City Council Roundtable (10/22/18) (5 Responses)

In lieu of a regular meeting the City Council will hold a Roundtable discussion on Mon., Oct. 22 from 5:30-7:30pm to hear an update on the Envision Cambridge citywide planning process. The meeting will be televised and live-streamed on the Open Meeting Portal, but there will not be any public comment period and no votes will be taken. It is intended to be an informal working meeting.

Envision is a holistic planning effort that began almost three years ago and has convened several topic-specific working groups and many community meetings to try to develop a better understanding of our shared goals and priorities for land use, economic development, transportation and connectivity, open space, community wellness, sustainability, and housing.

A plan for overall housing production, and the addition of more housing that is subsidized to be “affordable” to a range of incomes, is only one aspect of Envision’s scope. Lately the presentation of three so-called scenarios related to housing has become synonymous with “Envision.” That is unfortunate — and has led to considerable confusion and outright alarm in some quarters — because housing growth cannot be viewed in a vacuum without considering the over 150 other Envision draft recommendations and how they might complement and support each other, or possibly even work at cross-purposes. The three scenarios presented (the 100% affordable housing overlay, a “super-inclusionary” density bonus, and a density bonus for Net Zero emissions before 2025) are not formal zoning proposals, nor are they even staff recommendations to turn into zoning language. In my view they are more along the lines of analytical thought experiments that are being run up the flag pole for the public’s consideration in response to perennial questions about the supply and demand for housing in our increasingly desirable city.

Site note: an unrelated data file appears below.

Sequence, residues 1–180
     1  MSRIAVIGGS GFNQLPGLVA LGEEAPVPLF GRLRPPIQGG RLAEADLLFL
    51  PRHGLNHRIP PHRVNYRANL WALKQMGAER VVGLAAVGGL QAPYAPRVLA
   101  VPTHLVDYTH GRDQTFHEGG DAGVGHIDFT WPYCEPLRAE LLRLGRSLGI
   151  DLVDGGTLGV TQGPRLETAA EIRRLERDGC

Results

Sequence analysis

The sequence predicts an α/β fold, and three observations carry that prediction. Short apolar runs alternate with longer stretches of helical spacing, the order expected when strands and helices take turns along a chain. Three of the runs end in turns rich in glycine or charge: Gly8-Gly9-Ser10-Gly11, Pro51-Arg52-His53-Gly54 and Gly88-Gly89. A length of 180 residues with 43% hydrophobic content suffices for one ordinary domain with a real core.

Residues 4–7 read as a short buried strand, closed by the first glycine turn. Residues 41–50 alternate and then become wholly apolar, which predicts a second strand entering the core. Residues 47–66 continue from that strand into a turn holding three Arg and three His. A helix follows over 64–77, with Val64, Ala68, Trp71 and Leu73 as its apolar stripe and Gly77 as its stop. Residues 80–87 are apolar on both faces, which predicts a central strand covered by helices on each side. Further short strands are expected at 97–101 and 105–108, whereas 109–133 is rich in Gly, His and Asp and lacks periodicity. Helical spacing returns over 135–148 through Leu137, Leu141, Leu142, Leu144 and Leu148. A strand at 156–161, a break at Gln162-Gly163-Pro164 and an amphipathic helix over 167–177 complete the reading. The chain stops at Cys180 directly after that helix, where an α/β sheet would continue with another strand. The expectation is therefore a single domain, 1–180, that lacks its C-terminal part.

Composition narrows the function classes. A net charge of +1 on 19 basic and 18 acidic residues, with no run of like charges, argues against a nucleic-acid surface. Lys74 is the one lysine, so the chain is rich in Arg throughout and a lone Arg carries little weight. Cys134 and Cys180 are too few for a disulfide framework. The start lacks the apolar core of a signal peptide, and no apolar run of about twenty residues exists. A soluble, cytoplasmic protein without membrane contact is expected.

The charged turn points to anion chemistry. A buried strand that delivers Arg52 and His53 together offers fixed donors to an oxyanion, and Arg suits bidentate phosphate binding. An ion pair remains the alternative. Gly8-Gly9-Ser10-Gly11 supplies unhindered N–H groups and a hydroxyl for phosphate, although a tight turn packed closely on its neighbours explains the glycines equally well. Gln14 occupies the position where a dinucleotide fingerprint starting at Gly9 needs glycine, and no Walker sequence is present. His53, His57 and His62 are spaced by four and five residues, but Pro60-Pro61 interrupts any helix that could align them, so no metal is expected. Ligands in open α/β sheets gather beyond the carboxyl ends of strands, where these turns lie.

I have heard from many residents who have posed thoughtful questions about whether these scenarios would actually work to achieve the goals they set or might instead have unintended consequences. I will continue to listen to your suggestions and comments, but I ask that everyone please consider the fact that this is a collaborative process and encourage each other to tamp down some of the overheated rhetoric. Cooler heads will be needed to maintain a civil dialogue about a complex challenge (accommodating and managing population growth) that is, at root, deeply personal (who can afford to live in Cambridge, and where and how?) and in order to make progress and improvements.

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    Jan Devereux
    City Councillor
    Cambridge, MA